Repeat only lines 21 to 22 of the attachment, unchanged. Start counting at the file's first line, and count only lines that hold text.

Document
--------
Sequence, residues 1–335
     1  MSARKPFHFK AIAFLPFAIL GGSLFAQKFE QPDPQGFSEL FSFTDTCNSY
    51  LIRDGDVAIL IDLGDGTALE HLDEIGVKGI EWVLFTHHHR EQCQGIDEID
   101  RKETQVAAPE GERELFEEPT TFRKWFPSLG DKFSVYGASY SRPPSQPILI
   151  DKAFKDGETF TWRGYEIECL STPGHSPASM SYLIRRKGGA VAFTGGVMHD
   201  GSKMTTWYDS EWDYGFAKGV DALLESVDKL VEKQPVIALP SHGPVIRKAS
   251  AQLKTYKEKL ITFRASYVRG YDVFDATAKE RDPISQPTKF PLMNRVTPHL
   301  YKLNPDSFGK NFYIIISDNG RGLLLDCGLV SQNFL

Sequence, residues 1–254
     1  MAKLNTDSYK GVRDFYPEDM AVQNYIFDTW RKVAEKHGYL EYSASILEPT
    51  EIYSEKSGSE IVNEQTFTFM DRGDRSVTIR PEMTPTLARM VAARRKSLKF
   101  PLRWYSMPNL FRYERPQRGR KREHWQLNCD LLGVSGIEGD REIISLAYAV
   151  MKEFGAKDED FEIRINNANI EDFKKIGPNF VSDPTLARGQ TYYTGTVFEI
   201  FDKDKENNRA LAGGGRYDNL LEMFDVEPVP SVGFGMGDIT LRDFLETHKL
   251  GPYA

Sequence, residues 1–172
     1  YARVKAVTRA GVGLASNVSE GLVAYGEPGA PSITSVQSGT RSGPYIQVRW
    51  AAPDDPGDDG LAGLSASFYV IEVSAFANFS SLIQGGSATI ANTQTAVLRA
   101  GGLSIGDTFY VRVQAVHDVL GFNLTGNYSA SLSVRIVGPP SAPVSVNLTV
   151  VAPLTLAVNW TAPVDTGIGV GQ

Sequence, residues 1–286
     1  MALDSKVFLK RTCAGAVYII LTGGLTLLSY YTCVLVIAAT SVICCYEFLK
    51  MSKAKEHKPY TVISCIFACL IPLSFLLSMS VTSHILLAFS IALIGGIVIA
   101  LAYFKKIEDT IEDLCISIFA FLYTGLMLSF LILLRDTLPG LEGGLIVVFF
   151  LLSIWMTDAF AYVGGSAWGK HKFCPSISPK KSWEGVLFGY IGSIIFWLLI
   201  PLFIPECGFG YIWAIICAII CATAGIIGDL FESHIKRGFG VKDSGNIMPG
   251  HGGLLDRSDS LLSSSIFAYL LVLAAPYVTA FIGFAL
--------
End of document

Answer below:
Sequence, residues 1–286
     1  MALDSKVFLK RTCAGAVYII LTGGLTLLSY YTCVLVIAAT SVICCYEFLK